Obstacles to be overcome: Introducing Cloudwater Brew Co

Posted by on Mar 25, 2015 in English Beer | No Comments


We want to shake things up, if we can. The whole thing is like a peleton – you know, with guys like the Kernel and Magic Rock – and we want to do our turn at the front…

Paul Jones is fairly softly-spoken, but he’s also a keen and compelling speaker when it comes to the subject of his new operation, Manchester’s Cloudwater Brew Co. The above quote – one of many from a hugely interesting meet the brewer event last week at Edinburgh’s Hanging Bat – was said not with any degree of arrogance or entitlement, but simply with unremitting enthusiasm. It’s a frame of mind that many new brewery people have; the boundless optimism of ideas, accounts to be won, and whatever long future runs out ahead. But it never gets tiresome hearing it – particularly with a producer like Cloudwater who started things off in the very best way possible.

What exactly do I mean? Consider the evidence…

Exhibit A – The people involved in Cloudwater Brew Co make the whole thing like a Northern Supergroup; a comparison not at all dispelled by the 70’s style roadshow that followed the official launch at Manchester’s Port Street Beer House. In a clockwise flurry, the Cloudwater team then subsequently pitched up in Edinburgh, Newcastle, London, Brighton and Bristol. A showcase normally attached to manufactured bands or political battlebuses, transferred to modern British brewing (I can only imagine they have a flashing totaliser somewhere).

But in gathering brewing talent from Marble, Summer Wine and BrewDog, James has surrounded himself with a serious amount of talent. I guess that’s as fitting a testament to the scale and scope of brewing these days; the inexorable rise in breweries means an awful lot of highly skilled people – and it’s great for a new start-up brewery to have these impressive people making up their spine. All new breweries face challenges; to rely on men and women who have that level of experience must be enormously reassuring.

Exhibit B – The kit and brewery itself didn’t come easy – Paul spent eight months looking for a site, before finding one in November on the Piccadilly Trading Estate, a few minutes walk from Manchester’s busiest train station. Inside, a custom-built San Diegan (San Diego-oan?) 15BBL (24HL) brewhouse – which has been running only a few months. Also, from the start of April, an archway space for 150 barrels with a bar serving sours, natural wines, Bretted ciders, and all kinds of other things tart and fascinating.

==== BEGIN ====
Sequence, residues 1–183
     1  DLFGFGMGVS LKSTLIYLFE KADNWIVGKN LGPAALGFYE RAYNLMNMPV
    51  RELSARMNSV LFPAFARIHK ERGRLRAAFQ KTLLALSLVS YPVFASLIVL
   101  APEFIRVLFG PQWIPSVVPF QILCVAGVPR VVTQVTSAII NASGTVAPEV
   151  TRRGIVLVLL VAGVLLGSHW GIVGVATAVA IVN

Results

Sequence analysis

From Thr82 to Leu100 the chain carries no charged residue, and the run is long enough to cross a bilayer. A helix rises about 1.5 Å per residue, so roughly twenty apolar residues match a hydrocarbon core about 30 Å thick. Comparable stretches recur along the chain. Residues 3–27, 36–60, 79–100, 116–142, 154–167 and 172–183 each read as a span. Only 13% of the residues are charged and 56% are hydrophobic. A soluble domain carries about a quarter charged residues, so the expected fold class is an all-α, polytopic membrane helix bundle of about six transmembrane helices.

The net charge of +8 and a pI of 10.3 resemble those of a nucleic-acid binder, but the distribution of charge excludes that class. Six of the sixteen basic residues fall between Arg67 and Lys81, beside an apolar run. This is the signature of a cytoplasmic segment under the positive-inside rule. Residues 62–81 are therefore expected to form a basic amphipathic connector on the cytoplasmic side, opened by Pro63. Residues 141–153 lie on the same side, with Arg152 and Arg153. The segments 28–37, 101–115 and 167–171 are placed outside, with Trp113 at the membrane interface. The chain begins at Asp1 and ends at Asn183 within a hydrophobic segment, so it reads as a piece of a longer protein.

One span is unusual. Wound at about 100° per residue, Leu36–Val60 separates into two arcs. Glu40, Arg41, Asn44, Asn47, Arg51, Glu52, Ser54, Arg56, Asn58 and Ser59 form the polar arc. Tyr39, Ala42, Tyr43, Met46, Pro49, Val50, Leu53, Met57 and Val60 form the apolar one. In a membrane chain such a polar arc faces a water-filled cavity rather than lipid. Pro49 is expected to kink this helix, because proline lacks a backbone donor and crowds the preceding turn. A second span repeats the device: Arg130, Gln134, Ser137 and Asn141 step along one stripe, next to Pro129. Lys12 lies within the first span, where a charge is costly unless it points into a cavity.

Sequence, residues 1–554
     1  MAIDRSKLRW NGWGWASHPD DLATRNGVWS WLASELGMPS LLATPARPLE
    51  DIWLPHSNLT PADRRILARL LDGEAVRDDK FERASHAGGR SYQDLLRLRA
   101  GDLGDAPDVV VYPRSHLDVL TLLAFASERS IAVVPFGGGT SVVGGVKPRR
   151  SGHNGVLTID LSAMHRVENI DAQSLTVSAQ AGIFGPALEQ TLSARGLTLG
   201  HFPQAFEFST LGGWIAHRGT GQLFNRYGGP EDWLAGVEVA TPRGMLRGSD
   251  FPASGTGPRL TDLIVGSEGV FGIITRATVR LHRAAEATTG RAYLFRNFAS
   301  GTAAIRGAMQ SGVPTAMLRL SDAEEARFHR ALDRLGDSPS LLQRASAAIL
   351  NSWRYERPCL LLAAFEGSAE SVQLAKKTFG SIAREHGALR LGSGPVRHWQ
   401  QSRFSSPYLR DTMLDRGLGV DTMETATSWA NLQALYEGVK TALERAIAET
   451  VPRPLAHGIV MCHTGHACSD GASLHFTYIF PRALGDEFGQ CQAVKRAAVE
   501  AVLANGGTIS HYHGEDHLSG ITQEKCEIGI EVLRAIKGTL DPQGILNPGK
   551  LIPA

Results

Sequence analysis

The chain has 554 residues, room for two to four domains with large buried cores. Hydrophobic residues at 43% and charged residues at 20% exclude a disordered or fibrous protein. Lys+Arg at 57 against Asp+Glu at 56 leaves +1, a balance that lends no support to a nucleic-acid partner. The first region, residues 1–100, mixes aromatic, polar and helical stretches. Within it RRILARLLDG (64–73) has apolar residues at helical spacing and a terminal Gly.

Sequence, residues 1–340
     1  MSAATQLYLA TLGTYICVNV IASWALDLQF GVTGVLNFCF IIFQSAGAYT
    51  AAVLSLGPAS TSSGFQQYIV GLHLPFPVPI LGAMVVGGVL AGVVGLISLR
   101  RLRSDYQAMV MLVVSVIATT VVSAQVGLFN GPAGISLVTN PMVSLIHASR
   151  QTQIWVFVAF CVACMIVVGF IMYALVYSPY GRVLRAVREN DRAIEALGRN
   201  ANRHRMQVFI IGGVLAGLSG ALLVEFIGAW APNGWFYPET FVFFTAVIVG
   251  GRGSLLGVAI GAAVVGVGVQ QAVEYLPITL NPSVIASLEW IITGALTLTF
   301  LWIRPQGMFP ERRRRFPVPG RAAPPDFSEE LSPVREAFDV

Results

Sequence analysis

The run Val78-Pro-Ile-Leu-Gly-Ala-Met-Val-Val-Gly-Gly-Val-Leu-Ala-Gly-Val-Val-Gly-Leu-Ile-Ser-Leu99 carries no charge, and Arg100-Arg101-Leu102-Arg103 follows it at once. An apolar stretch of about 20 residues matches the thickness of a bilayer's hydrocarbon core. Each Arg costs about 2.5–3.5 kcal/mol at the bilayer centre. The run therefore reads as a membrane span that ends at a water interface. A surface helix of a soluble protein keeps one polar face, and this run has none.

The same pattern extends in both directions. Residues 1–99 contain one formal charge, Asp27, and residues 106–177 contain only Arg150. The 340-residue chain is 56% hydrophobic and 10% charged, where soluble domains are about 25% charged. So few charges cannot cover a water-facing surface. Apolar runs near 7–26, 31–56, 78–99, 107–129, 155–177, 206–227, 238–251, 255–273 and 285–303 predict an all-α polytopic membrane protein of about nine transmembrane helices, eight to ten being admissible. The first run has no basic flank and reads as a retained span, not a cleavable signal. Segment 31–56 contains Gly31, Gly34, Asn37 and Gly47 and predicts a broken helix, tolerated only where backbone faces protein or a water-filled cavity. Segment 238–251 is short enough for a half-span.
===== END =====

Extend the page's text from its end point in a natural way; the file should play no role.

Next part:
As Paul says – “I’m really interested in what happens when nature takes over.” This theme of transition is central to Cloudwater, it seems – later on in the evening, he talks about the Champion Beer of Britain; not in a disparaging way, but in a more measured, practical tone – “CBoB is about maintaining consistency, but ingredients change. Things taste different. I mean, we might brew an IPA year-round, but it will change.” Which leads me to…


Exhibit C – The way that Cloudwater have been built up; the core behind how they will approach things, is laid upon something not usually seen in British brewing – Buddhism. Paul (above left, with head brewer James Campbell) is seemingly quite the spiritual chap; the name is a literal translation of the Zen Buddhist term unsui, taken from a Chinese poem “To drift like clouds and flow like water.” Obstacles to be overcome are parted like clouds; flowed around like water.

Now, if you snorted a little reading that, fair enough. But if a brewery can hold onto an attitude like that whilst keg washing or phoning the Duck and Doughnut for the ninth time about an invoice, then they are probably on the right path. As Paul says – “it’s all about managing perception.”. What many drinkers might perceive as folly, they see as strength. And who can argue with that? Particularly with…

Exhibit D – The recurring theme of transition and movement in their beer range, which will change every three months, with the seasons. It’s my understanding that each will reflect different influences; the current Spring series is noticeably session-strength in outlook, for instance. This underpins how important regional and seasonal ingredients are to them, and instantly gives Cloudwater a huge amount of room to manoeuvre.

But what about the beers? Well, the standout of the eight I had were the 5.5% Citrus Gose – a truly brilliant beer, softly fruity and finished with a tickle of salt, and the 6% Bergamot Hopfenweisse, an waxy Citra/Galaxy masterpiece. The Spring IPA was also fantastic, as were the sharply bitter Pale Ale and Pennine Light. Only the Imperial Stout disappointed, needing more body to back up its 9.5%abv.


Exhibit E – Yet what they have achieved from the front end of operations since November has been fantastically impressive; and the way the operation is being run is a blueprint for new modern brewing. Best of all? Why I think they will go far? Because of how they started. According to Paul, each member of the Cloudwater team contributed, in writing, what they wanted to achieve from the brewery; their personal aims and goals – however small or seemingly unrealistic.

And that was how Cloudwater began, with that mission statement. Not corporate, not trifling – one with actual merit. A true statement of intent – irrespective of obstacles to be overcome (or flowed around).

Cloudwater Brew Co Website and Twitter Feed.
The brewery tap launches at Units 7-8, Piccadilly Trading Estate, Manchester, M1 2NP on the 4th of April.
For an excellent interview with Paul Jones, check out this great post from Chris Hall.

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